Perhaps the best demonstration of the benefits of the smooth and slippery sail track comes when reefing. Before the new mast track, reefing meant heading up and flogging the main, usually with heavy seas breaking on the bow, soaking the crew while wrestling the main down getting the new tack hook in. With the Tides track we find we can luff (but again, not flog) the main at almost any wind angle, so long as we are not up against the spreaders, meaning we can now lower the main to the reef point with minimal drama. 

April 2018

Related

210115-AC36

Prada Cup: Brits Take First Two Races

Who saw that coming? After getting skunked in December, INEOS Team UK has swept the first two races in the Prada Cup elimination series of the 36th America’s Cup  Racing took place on racecourse “C,” sheltered between Auckland’s North Head and Bastion Point to take advantage of ...read more

ac-2048x

Hutchinson: 36th America’s Cup will be a Close On

On the eve of the Prada Cup challenger series, the official start of the 36th America’s Cup, New York Yacht Club American Magic skipper Terry Hutchinson says it’s anyone’s game. "As we've seen in the last week, everyone's gotten faster," said Hutchinson said at the event’s ...read more

Episode1_Thumbnail4_00000_00000_00000_00000

Sailing Docuseries Released Online

Endless Media's Reaching Reality is the story of three friends, a 24-foot sailboat and 1,200 miles. With candor and humor, this series proves that you don't need to be an expert or a millionaire to cast off on the journey of a lifetime. Produced by Emmy-award winner Barry ...read more

01-LEAD-nder-sail-3

Prepping for a Transatlantic

Growing up on the coast of northern England, I dreamed about crossing oceans on my own boat. Like most of us, though, education, a family and a career took precedence, and before I knew it, we had mortgages, young children and endless work obligations. We also became landlocked, ...read more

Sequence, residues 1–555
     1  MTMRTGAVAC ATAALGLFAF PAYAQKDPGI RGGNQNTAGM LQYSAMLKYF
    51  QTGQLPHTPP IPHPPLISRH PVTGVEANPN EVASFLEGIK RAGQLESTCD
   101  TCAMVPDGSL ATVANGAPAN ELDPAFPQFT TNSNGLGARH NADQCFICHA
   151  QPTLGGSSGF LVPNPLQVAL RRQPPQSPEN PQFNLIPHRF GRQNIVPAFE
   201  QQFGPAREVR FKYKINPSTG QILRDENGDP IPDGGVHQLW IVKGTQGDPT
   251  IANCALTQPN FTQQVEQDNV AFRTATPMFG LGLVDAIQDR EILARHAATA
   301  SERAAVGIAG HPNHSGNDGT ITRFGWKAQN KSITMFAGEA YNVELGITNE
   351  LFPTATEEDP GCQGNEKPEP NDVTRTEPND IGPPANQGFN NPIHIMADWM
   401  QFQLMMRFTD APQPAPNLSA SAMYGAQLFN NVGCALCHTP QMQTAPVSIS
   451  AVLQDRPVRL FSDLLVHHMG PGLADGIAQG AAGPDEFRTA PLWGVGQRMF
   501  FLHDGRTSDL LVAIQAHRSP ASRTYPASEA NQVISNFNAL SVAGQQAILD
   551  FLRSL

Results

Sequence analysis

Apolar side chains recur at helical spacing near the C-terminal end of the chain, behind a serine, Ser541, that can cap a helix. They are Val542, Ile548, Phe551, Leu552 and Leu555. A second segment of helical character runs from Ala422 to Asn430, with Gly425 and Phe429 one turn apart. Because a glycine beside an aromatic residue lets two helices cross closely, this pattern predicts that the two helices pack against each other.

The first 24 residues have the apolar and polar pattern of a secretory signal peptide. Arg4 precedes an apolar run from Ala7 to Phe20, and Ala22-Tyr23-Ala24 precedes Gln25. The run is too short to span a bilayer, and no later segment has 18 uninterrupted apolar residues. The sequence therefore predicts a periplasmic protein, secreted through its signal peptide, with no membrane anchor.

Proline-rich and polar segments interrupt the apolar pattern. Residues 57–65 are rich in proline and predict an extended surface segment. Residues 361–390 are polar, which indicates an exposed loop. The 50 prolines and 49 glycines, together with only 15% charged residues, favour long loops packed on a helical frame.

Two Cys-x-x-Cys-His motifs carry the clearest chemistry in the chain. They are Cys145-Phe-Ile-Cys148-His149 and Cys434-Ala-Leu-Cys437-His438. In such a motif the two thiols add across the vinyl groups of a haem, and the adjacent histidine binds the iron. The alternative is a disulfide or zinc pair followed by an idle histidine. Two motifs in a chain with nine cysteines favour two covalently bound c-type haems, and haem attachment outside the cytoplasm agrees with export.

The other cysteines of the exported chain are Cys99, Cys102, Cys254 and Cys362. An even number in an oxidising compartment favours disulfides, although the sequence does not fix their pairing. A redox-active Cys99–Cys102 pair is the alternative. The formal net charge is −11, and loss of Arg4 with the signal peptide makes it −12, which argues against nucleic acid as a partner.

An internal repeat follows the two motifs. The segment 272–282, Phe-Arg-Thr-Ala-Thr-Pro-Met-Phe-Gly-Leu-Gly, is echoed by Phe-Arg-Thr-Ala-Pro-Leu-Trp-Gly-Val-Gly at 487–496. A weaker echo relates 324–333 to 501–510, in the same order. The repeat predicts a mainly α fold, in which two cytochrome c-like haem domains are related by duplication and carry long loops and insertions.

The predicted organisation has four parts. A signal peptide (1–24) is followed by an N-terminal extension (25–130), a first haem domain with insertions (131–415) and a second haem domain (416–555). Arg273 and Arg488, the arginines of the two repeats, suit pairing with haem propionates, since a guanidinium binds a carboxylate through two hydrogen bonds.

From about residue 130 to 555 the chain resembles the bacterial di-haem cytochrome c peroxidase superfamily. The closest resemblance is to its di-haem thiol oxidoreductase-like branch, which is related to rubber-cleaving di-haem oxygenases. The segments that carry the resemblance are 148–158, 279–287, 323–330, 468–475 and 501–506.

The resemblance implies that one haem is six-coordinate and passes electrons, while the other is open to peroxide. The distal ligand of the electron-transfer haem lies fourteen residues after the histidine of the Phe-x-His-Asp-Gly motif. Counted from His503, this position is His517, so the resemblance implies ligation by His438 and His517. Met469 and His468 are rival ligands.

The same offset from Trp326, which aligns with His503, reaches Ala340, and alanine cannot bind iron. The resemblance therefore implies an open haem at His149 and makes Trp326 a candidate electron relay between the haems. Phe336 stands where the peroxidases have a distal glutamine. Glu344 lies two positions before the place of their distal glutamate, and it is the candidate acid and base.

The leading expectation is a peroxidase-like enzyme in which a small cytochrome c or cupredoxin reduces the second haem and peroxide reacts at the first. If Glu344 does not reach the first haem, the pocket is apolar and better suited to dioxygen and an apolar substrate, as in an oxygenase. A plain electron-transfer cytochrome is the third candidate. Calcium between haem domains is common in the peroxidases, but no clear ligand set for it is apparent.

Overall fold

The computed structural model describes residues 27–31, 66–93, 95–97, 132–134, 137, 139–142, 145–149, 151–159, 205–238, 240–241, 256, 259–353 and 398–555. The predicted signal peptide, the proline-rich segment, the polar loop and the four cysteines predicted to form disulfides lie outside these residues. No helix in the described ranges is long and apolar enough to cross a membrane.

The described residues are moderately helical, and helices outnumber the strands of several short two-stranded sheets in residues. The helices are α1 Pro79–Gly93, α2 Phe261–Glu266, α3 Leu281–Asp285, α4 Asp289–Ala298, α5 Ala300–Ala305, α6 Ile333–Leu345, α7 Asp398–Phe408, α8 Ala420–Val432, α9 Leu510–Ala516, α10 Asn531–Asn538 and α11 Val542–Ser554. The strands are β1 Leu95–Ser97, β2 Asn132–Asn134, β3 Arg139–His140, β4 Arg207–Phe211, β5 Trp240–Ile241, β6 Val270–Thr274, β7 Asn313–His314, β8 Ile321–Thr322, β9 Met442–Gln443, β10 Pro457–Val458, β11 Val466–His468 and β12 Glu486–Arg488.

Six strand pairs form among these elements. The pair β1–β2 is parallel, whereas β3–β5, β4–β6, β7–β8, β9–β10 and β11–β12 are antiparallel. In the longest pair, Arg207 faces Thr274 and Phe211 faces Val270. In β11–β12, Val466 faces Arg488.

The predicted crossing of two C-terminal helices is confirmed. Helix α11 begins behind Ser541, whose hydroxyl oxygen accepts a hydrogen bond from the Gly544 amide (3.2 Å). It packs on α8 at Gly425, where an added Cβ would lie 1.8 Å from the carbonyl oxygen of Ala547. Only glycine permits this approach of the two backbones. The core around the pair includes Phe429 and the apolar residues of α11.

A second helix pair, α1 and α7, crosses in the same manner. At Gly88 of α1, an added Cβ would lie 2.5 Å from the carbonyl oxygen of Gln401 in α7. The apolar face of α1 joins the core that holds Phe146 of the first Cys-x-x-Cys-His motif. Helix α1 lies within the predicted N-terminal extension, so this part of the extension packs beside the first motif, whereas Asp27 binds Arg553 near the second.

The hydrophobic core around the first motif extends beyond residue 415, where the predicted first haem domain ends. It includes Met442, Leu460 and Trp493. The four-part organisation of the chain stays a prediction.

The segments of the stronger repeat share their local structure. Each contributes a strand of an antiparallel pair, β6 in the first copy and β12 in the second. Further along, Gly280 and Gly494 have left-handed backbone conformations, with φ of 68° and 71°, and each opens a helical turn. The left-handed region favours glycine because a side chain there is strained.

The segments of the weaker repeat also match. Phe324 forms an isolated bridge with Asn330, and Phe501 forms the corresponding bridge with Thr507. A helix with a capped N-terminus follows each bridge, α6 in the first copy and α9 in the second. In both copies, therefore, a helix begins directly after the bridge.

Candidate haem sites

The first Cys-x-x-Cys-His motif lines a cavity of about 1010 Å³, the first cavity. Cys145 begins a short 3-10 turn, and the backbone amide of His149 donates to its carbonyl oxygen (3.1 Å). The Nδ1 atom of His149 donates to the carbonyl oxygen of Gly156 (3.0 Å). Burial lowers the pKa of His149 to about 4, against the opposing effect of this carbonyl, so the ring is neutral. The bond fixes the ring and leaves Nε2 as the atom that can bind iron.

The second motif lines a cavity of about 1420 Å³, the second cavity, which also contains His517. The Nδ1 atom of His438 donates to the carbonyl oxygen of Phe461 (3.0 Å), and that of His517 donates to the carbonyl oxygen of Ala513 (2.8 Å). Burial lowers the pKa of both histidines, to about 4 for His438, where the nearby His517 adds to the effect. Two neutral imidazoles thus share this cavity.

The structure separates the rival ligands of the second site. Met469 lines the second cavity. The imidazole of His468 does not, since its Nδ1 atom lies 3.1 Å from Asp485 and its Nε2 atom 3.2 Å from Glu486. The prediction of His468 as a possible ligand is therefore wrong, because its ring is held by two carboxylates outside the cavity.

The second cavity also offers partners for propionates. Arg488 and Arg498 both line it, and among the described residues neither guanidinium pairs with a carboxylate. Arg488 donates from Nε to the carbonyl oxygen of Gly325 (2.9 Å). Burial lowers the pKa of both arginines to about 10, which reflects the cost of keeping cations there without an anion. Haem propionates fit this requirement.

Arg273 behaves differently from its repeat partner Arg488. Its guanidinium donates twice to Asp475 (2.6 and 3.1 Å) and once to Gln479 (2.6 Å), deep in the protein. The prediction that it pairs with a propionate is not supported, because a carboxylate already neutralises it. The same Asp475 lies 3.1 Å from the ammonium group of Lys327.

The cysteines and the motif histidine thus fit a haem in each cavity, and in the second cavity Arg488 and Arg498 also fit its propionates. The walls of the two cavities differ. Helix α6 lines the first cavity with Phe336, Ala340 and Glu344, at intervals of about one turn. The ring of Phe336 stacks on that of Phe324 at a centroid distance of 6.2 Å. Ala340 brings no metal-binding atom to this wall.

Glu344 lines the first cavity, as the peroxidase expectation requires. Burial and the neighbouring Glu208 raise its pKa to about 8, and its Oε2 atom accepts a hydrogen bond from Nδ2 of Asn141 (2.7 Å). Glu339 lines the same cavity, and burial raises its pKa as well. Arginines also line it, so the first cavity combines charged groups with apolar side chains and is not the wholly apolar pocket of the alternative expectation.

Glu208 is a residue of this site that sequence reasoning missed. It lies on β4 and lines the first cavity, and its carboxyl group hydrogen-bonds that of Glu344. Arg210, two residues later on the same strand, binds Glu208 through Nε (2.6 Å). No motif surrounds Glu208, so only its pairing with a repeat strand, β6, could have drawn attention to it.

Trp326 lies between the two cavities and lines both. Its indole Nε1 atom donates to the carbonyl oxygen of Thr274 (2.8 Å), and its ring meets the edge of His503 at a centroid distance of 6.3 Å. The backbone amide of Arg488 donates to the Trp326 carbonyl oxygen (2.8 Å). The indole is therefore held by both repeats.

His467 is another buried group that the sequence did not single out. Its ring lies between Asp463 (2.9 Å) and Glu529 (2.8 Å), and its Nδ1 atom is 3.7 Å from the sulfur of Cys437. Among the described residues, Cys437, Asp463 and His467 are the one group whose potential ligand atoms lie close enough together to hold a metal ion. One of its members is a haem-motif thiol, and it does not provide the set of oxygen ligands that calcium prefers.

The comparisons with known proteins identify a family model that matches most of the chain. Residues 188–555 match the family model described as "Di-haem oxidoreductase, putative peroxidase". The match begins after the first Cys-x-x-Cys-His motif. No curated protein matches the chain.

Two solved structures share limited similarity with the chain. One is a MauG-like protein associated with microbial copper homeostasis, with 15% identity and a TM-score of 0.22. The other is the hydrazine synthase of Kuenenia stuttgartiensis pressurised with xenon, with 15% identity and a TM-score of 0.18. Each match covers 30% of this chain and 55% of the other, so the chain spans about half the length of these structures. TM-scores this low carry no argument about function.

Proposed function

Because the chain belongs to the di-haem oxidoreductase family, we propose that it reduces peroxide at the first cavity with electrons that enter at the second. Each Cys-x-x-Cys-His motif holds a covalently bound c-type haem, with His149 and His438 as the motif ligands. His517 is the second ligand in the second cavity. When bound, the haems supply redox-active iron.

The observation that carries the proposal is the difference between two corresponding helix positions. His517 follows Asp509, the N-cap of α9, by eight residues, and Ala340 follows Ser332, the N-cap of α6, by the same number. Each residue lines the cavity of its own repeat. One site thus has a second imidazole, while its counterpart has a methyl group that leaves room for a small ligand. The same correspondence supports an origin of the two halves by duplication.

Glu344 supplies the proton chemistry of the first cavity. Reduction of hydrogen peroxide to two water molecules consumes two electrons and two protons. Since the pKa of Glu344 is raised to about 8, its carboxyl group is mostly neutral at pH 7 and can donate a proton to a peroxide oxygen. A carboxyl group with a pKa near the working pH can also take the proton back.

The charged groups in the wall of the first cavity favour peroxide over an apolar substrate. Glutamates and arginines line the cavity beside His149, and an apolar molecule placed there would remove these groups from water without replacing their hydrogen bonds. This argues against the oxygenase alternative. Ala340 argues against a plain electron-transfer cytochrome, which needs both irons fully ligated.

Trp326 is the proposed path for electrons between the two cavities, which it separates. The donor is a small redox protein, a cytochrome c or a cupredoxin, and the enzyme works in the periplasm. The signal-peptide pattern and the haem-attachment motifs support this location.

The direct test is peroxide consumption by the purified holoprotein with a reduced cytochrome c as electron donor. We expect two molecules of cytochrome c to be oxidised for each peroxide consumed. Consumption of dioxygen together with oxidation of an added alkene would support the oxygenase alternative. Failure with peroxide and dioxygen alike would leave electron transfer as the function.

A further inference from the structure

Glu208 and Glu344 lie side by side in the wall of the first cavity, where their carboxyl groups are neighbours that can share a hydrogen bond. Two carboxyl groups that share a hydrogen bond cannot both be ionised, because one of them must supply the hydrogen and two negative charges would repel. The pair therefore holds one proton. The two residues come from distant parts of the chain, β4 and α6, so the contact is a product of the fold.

210111-Vendee

Vendée Update: Josche Forced to Abandon

A week ago, the canting keel on Isabelle Jocshe's IMOCA 60, MACSF, failed. She managed a jury rig with a replacement ram, which held the keel centerline and allowed her to keep sailing, but with a major hit to her speed potential. Jocshe had been in 8th at the time and remained ...read more

rudder

Vendee Update: Emergency Rudder Replacement

A devastated Hare talks about the breakage Pip Hare (Medallia) is back in the game after an emergency rudder repair deep in the Southern Ocean. “Every part of my body aches. I have bloody knuckles on every finger, bruises all down my legs and muscles I didn't know I had that ...read more

Oracle-RBYACFEVD3_2870

PRADA Cup Pairings Announced

The schedule for the PRADA Cup has been revealed as a multitiered extravaganza featuring over a month of racing, stretching from January 15 through February 22. First, the three teams—American Magic, INEOS Team UK and Luna Rossa Prada Pirelli—will face off in a 12-race, six-day ...read more

01-LEAD-Opener-ETNZ1_-106_silo

The 36th America's Cup

A Superbowl is a Superbowl, and a World Series is a World Series. Sure, the names of the players and the teams change from year-to-year, but otherwise, the game pretty much remains the same. Not so the America’s Cup. Still, in many ways a hot mess left over from the days of Queen ...read more